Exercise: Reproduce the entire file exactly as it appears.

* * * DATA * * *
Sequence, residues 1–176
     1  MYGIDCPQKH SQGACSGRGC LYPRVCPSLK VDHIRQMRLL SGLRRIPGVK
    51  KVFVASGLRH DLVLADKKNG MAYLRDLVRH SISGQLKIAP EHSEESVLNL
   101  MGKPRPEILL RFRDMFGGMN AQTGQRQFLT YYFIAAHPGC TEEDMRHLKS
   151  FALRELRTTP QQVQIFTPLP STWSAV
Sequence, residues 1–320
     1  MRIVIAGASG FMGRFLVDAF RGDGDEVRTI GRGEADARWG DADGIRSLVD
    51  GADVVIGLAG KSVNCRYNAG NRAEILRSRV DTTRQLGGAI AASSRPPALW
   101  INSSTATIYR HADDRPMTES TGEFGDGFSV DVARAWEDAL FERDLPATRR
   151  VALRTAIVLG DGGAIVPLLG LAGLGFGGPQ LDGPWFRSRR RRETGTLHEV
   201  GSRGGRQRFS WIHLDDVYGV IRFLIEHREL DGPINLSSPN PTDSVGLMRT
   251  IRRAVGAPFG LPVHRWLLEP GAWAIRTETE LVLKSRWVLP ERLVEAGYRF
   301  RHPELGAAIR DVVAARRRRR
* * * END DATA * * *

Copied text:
Sequence, residues 1–176
     1  MYGIDCPQKH SQGACSGRGC LYPRVCPSLK VDHIRQMRLL SGLRRIPGVK
    51  KVFVASGLRH DLVLADKKNG MAYLRDLVRH SISGQLKIAP EHSEESVLNL
   101  MGKPRPEILL RFRDMFGGMN AQTGQRQFLT YYFIAAHPGC TEEDMRHLKS
   151  FALRELRTTP QQVQIFTPLP STWSAV
Sequence, residues 1–320
     1  MRIVIAGASG FMGRFLVDAF RGDGDEVRTI GRGEADARWG DADGIRSLVD
    51  GADVVIGLAG KSVNCRYNAG NRAEILRSRV DTTRQLGGAI AASSRPPALW
   101  INSSTATIYR HADDRPMTES TGEFGDGFSV DVARAWEDAL FERDLPATRR
   151  VALRTAIVLG DGGAIVPLLG LAGLGFGGPQ LDGPWFRSRR RRETGTLHEV
   201  GSRGGRQRFS WIHLDDVYGV IRFLIEHREL DGPINLSSPN PTDSVGLMRT
   251  IRRAVGAPFG LPVHRWLLEP GAWAIRTETE LVLKSRWVLP ERLVEAGYRF
   301  RHPELGAAIR DVVAARRRRR